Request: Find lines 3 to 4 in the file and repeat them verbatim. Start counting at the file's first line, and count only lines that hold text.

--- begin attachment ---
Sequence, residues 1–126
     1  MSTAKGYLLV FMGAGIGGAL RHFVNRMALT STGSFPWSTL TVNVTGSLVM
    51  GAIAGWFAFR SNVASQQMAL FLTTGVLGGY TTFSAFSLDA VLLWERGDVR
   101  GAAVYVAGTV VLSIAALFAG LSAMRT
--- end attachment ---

    51  GAIAGWFAFR SNVASQQMAL FLTTGVLGGY TTFSAFSLDA VLLWERGDVR
   101  GAAVYVAGTV VLSIAALFAG LSAMRT